You need a license to have a gun (well, most guns) here. Get that though? It's easy to get away with hunting - whether it's legal or not is completely irrelevant, the resources are not there to police it.

I highly doubt obtaining a license for hunting in the US requires people complete a conservation course. And until it does I remain very skeptical that we can trust hunters to actually know what they're doing. Other than, you know, killing stuff.

"I'll say right now, I'm not a hunter, but I respect hunting. Why is it that you think hunting is moronic and/or offensive? Are you vegetarian/vegan?"

Nope, I eat meat. I recognise the need for humans to eat meat - we're a predatory species.

Hunting is completely unnecessary, however. We have farms to provide us meat, and there is plenty of meat for everyone. What does that make hunting? Gluttony, is what. Excessive killing, and killing without the same regulations for humane treatment that are placed on farmers, to boot.

Animals feel fear, pain, and familial bonds - this is scientifically proven. That someone would cause animals fear, pain, and emotional distress because it <i>amuses</i> them, when they could drive to the local supermarket and buy more meat than they could eat in a year is not something I will ever respect. People who derive pleasure from killing - of any kind, offend me.



Edwrd said:

I don't even kill cows and chickens when I see them in game, because its not ok to kill these things in real life for fun, that's what most people are hung up on, people are hyper-sensitive about "programming" other people who presumably are complete idiots that its fine to kill animals for entertainment. And because they are good as food, and its bad to waste food, didn't yo mama teach you? You can't eat humans or nasty alien creatures!!



rayword45 said:

If people need to play M-rated games solely to boost their ego, then I feel bad for them.

Unless they're douchebags. Then I want to smack them :3



TrueWiiMaster said:

"And until it does I remain very skeptical that we can trust hunters to actually know what they're doing"
I'm pretty sure they don't, but there are conservation rules in place. If you're caught breaking the rules (hunting something in the wrong season, using the wrong weapon, killing more than you're allowed) you get your license revoked. There might be additional consequences like fines or something, but I'm not sure.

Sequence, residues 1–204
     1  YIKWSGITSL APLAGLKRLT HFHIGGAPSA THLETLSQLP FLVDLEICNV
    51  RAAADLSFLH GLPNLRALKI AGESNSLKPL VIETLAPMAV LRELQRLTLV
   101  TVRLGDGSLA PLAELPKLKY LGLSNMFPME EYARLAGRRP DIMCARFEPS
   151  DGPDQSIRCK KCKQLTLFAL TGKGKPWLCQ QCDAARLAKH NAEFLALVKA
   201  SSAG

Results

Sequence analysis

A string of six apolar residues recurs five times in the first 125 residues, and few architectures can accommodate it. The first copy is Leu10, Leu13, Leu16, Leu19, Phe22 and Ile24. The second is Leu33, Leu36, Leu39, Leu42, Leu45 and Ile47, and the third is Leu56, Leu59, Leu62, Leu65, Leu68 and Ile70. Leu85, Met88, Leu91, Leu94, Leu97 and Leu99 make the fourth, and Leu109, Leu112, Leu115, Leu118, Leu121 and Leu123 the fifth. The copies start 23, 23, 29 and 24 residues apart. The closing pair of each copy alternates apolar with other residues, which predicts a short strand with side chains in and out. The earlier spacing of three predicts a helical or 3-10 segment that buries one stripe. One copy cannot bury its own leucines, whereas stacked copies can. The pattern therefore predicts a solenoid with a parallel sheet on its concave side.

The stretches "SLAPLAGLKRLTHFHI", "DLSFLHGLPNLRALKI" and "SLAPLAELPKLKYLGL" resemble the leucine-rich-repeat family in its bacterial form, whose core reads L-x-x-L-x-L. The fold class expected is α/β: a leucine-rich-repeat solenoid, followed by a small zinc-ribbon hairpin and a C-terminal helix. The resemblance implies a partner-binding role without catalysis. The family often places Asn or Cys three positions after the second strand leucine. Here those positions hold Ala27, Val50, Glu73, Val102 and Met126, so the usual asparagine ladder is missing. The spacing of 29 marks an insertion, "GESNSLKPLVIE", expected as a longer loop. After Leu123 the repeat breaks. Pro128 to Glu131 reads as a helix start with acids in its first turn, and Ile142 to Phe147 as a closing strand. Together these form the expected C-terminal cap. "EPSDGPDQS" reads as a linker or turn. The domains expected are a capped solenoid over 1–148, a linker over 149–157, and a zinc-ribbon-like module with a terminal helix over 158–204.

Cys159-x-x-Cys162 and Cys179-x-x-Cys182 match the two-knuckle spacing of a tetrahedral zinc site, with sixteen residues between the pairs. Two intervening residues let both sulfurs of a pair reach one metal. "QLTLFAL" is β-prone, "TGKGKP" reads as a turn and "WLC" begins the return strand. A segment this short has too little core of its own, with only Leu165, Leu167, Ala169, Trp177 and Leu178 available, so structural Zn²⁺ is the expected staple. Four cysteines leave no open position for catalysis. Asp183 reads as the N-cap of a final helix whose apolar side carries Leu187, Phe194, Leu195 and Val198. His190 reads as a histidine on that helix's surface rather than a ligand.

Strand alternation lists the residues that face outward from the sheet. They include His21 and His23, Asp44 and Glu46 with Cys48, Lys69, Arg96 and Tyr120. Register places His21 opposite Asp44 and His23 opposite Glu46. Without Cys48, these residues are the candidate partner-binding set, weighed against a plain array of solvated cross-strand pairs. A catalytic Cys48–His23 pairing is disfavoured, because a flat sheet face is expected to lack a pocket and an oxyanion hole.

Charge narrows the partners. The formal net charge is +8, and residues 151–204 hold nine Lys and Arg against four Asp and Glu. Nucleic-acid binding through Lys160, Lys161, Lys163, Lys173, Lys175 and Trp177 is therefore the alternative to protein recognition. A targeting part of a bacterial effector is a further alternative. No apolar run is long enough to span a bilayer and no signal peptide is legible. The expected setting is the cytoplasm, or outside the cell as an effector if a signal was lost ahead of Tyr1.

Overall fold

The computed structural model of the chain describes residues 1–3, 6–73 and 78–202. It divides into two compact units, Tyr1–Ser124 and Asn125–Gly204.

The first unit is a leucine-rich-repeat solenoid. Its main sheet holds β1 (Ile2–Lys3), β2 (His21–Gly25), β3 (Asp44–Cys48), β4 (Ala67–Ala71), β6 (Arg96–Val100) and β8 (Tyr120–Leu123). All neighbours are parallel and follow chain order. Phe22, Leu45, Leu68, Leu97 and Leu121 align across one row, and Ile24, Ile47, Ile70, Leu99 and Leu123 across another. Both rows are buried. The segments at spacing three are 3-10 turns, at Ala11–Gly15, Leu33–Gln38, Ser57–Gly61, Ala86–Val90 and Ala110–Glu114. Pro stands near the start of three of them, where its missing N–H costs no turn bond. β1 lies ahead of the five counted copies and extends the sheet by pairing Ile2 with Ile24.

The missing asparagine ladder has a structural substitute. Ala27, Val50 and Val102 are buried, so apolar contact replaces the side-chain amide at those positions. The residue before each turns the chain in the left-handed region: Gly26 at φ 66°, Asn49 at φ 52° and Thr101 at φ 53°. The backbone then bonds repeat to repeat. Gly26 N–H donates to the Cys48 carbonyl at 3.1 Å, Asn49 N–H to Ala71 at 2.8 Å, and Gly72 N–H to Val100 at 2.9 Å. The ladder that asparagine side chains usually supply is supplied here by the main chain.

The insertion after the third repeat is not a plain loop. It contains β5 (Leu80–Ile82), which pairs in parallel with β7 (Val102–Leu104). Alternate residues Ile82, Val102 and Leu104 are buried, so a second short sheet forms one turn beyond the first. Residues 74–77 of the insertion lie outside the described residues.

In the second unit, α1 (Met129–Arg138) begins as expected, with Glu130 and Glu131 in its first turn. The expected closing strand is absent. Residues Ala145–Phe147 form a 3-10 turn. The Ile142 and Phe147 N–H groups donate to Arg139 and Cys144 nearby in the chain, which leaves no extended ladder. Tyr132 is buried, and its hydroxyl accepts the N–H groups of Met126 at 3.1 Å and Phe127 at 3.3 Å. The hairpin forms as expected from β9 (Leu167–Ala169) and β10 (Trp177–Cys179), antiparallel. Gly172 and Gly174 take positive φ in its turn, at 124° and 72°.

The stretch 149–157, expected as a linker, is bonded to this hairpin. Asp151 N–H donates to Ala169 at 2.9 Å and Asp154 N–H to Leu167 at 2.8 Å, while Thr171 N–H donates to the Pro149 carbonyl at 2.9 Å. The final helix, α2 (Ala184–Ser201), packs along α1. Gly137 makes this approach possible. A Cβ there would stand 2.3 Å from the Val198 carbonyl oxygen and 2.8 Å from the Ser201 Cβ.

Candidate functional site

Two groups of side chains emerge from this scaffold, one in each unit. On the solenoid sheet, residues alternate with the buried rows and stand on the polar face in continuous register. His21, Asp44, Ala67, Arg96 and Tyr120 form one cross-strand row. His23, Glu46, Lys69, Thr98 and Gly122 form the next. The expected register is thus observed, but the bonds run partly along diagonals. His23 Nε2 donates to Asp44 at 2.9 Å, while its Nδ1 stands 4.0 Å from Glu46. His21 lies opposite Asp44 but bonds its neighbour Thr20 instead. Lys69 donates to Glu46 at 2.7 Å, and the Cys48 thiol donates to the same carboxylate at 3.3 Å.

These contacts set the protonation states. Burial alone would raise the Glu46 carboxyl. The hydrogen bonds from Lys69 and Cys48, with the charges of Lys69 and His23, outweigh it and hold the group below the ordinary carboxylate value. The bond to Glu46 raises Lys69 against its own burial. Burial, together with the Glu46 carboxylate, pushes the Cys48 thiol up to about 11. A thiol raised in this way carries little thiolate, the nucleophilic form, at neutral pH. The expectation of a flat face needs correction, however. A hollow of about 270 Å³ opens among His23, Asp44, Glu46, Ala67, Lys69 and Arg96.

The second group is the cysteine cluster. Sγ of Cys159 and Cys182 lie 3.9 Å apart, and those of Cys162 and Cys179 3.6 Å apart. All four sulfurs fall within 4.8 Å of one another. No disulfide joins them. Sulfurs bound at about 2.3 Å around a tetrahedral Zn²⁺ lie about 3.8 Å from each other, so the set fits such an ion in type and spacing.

"We have farms to provide us meat, and there is plenty of meat for everyone"
First, a lot of people have taste for wild meat. It does taste different than farmed meat, and some meats (bear for instance) can't be obtained in stores. Second, there's a whole other debate about how humane farms actually are. They may kill the animals instantly, but they often feed them unhealthy foods and drugs to make them grow bigger faster. What's more, most farmed animals haven't lived much of a life when they're killed. Many stay penned up most of their life. In some ways hunting is more humane, and its certainly more natural.

"Gluttony, is what"
You can get a lot of fresh, delicious, all natural meat for a low price. One deer's more than anyone could finish, so people often freeze the meat or share it with friends. Deer meat is also much healthier to eat than beef, being naturally leaner. That's not really gluttonous.

"Animals feel fear, pain, and familial bonds"
I agree, but in order to use that against hunting you'd have to be vegan. Farms also break up families and cause animals plenty of stress. When you eat a burger, it's source had a relative, just like a deer in the forest. Besides, like you said, humans are predators. If it's wrong for us to hunt because it causes animals fear and pain, there are many predators out there doing far worse (some eat their prey alive).

"People who derive pleasure from killing - of any kind, offend me."
I have to agree with that. It's pretty disturbing to see a hunter thoroughly enjoying the kill. It's one thing to be happy you just landed a lot of meat. It's another thing entirely to be overjoyed that you killed something.



Bankai said:

"Second, there's a whole other debate about how humane farms actually are."

And I argue against unethical farming as I argue against hunting - to me it is just as bad. I go out of my way (and pay more to do it) to ensure I'm getting meat from ethical farms.